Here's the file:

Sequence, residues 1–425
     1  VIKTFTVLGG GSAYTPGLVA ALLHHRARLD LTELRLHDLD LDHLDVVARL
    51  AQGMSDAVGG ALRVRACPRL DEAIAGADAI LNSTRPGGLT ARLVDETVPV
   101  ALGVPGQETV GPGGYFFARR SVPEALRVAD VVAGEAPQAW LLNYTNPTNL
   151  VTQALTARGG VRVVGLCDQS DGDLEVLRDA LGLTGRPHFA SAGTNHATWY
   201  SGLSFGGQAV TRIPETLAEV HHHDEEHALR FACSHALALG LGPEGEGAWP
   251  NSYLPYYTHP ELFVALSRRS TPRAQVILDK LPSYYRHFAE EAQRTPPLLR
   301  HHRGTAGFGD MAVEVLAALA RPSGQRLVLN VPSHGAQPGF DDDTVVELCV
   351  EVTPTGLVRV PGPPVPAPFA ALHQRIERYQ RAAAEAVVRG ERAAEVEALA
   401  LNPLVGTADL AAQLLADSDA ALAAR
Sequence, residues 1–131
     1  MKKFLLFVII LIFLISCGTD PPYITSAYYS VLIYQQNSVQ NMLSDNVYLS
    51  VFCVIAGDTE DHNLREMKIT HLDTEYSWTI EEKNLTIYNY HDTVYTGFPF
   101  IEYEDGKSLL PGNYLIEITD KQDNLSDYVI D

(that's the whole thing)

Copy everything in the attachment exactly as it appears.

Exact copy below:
Sequence, residues 1–425
     1  VIKTFTVLGG GSAYTPGLVA ALLHHRARLD LTELRLHDLD LDHLDVVARL
    51  AQGMSDAVGG ALRVRACPRL DEAIAGADAI LNSTRPGGLT ARLVDETVPV
   101  ALGVPGQETV GPGGYFFARR SVPEALRVAD VVAGEAPQAW LLNYTNPTNL
   151  VTQALTARGG VRVVGLCDQS DGDLEVLRDA LGLTGRPHFA SAGTNHATWY
   201  SGLSFGGQAV TRIPETLAEV HHHDEEHALR FACSHALALG LGPEGEGAWP
   251  NSYLPYYTHP ELFVALSRRS TPRAQVILDK LPSYYRHFAE EAQRTPPLLR
   301  HHRGTAGFGD MAVEVLAALA RPSGQRLVLN VPSHGAQPGF DDDTVVELCV
   351  EVTPTGLVRV PGPPVPAPFA ALHQRIERYQ RAAAEAVVRG ERAAEVEALA
   401  LNPLVGTADL AAQLLADSDA ALAAR
Sequence, residues 1–131
     1  MKKFLLFVII LIFLISCGTD PPYITSAYYS VLIYQQNSVQ NMLSDNVYLS
    51  VFCVIAGDTE DHNLREMKIT HLDTEYSWTI EEKNLTIYNY HDTVYTGFPF
   101  IEYEDGKSLL PGNYLIEITD KQDNLSDYVI D